Introducing Commandant


I’ve been meaning to write about Commandant for ages. I started it last year because I wanted to write command driven applications with a user experience just like Bazaar. There are several things that I like about Bazaar’s user interface:

  • You only have to know that the program is called bzr to start discovering it, because its default behaviour is to teach you how to use the builtin help system.
  • Each command has a clear name that makes its purpose easy to discern.
  • Each command has a succinct summary and a well written long description, along with clear information about the arguments and options the command accepts.
  • Help topics provide general information about the program that isn’t command-specific. The topics describe conceptual and technical aspects of the program that help the user better understand how to use it.
  • The interface conventions are very simple. It doesn’t take long to figure out how things work.

I wanted, as much as possible, to start writing application logic without having to do much work to get a working user interface. With that in mind, the basic goal for Commandant is to provide a Bazaar-like user interface with the least effort possible. I started by trying to extend Bazaar but I ran into tricky integration problems that made it hard to make progress, so I switched gears and started implementing the logic from scratch. Reinventing the wheel got me further than trying to integrate, but I quickly reached a point where progress slowed down because I had to deal with tricky problems that Bazaar had already solved. In the meantime, Robert landed changes in Bazaar that removed the integration hurdles that I’d run into.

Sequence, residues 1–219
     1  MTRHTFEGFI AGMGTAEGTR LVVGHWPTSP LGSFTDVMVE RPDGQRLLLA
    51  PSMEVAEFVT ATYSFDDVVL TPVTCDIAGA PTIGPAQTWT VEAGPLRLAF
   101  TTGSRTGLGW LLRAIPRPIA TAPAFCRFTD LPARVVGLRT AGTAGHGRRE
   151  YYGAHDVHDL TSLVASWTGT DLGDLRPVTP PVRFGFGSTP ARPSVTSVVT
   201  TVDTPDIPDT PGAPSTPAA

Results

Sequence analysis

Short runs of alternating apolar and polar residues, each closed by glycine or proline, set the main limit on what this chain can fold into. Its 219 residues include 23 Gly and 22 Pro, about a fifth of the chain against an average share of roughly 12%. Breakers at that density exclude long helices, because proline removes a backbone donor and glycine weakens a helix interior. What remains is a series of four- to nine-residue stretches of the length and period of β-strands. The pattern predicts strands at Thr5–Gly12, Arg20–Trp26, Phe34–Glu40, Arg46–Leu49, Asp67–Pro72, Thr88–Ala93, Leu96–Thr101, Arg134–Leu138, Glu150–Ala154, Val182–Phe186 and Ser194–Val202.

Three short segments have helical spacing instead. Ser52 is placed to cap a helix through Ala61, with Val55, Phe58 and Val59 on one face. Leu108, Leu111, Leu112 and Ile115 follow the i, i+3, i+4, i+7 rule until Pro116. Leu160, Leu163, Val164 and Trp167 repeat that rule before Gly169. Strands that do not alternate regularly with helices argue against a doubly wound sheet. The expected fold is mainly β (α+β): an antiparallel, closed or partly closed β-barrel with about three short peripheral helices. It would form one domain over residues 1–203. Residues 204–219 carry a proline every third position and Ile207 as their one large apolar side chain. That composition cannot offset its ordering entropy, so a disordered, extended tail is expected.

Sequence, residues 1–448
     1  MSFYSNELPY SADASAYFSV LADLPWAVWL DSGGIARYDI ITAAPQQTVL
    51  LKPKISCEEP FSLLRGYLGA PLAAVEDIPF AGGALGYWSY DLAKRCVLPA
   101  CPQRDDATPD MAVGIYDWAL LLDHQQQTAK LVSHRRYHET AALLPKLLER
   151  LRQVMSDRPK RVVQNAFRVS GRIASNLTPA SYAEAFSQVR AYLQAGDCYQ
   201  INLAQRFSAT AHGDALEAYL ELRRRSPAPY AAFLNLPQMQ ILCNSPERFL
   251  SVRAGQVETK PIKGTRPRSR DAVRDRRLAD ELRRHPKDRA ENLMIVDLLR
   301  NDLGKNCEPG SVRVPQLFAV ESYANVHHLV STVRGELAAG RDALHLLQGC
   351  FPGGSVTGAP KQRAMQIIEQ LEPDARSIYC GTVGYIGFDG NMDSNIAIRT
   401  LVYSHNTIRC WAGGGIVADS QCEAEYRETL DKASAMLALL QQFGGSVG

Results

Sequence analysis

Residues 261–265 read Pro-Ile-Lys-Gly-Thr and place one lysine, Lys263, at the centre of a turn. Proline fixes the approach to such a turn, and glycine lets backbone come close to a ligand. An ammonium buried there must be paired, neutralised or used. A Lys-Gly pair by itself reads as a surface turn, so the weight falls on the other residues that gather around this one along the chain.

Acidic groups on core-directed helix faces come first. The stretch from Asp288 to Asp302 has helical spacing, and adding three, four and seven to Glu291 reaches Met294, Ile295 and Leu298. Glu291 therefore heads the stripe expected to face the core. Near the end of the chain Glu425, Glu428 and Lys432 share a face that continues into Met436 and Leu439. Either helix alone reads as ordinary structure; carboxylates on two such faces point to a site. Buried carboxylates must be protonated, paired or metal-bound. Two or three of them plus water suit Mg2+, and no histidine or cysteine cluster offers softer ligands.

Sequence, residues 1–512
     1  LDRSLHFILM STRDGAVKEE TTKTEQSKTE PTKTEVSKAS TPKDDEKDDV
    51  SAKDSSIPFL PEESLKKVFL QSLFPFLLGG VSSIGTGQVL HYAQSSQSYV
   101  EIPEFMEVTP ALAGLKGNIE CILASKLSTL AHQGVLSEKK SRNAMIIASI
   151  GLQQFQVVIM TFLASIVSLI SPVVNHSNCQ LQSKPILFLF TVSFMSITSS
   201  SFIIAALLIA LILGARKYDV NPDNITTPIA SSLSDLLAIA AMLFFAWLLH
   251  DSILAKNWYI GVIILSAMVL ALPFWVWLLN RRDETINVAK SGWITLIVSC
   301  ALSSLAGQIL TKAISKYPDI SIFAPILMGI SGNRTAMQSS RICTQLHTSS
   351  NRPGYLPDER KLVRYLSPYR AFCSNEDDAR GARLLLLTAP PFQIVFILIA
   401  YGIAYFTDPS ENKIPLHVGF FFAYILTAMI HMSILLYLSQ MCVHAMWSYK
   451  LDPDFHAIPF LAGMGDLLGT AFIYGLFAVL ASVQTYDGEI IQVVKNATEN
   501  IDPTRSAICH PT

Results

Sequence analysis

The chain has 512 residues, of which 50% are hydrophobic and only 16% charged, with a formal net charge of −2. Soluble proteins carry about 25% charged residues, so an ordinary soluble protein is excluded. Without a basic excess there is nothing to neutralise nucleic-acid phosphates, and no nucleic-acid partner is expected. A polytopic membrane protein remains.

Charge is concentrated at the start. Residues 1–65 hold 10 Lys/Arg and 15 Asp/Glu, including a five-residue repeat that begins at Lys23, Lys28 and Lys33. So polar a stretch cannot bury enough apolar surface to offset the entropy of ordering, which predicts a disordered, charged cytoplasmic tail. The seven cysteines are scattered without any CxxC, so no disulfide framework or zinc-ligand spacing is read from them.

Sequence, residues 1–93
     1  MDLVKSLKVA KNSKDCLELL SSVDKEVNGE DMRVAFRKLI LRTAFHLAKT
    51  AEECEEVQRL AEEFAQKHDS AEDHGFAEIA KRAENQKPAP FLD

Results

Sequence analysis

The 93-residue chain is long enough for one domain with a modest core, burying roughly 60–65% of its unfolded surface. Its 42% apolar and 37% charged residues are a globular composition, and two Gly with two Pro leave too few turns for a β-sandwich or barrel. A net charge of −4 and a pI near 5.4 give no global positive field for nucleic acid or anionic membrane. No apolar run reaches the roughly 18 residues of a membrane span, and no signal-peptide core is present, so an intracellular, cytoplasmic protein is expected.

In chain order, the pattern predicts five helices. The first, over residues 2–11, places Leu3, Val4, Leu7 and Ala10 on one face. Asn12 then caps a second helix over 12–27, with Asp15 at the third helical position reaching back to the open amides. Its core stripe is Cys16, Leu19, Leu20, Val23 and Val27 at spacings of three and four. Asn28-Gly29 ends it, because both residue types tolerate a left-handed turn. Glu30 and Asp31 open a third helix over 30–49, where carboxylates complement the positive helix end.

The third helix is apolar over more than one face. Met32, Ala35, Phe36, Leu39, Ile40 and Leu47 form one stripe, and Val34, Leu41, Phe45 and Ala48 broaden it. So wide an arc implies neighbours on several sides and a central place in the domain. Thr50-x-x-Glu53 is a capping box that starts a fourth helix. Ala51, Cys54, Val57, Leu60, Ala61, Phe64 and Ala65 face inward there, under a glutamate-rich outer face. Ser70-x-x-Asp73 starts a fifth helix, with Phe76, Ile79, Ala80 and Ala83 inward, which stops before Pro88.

With the integration problems out of the way, I stopped wasting time reinventing the wheel, and Commandant is now a thin layer on top of bzrlib itself. Being able to take advantage of the work that has been done in Bazaar has been a blessing. There’s more that can be done to improve Commandant, but it is very usable in its current state. If you’re interested in learning more, the README file should get you started.


2 Responses to “Introducing Commandant”

  1. I’ve seen a couple of frameworks for building command line interfaces, and one thing I always wished they did was to auto-generate completion scripts for zsh (and bash I suppose), so that these don’t need to be maintained manually.

    • 2 Jamu

      I agree that auto-completion is important. An auto-complete script template is included with Commandant, so that authors of Commandant-based programs don’t have to figure it out for themselves. I should add one for zsh too, but I’m not a zsh user so it hasn’t been a priority. Anyway, once the initial script is created nothing special needs to be done to keep it up-to-date. Including a tool to generate the final result automatically, instead of requiring users to copy and edit a template, would be nice. I’ve filed bug #597306 to track the issue. Thanks for the suggestion!

Leave a Reply

Fill in your details below or click an icon to log in: Logo

You are commenting using your account. Log Out /  Change )

Google+ photo

You are commenting using your Google+ account. Log Out /  Change )

Twitter picture

You are commenting using your Twitter account. Log Out /  Change )

Facebook photo

You are commenting using your Facebook account. Log Out /  Change )


Connecting to %s

%d bloggers like this: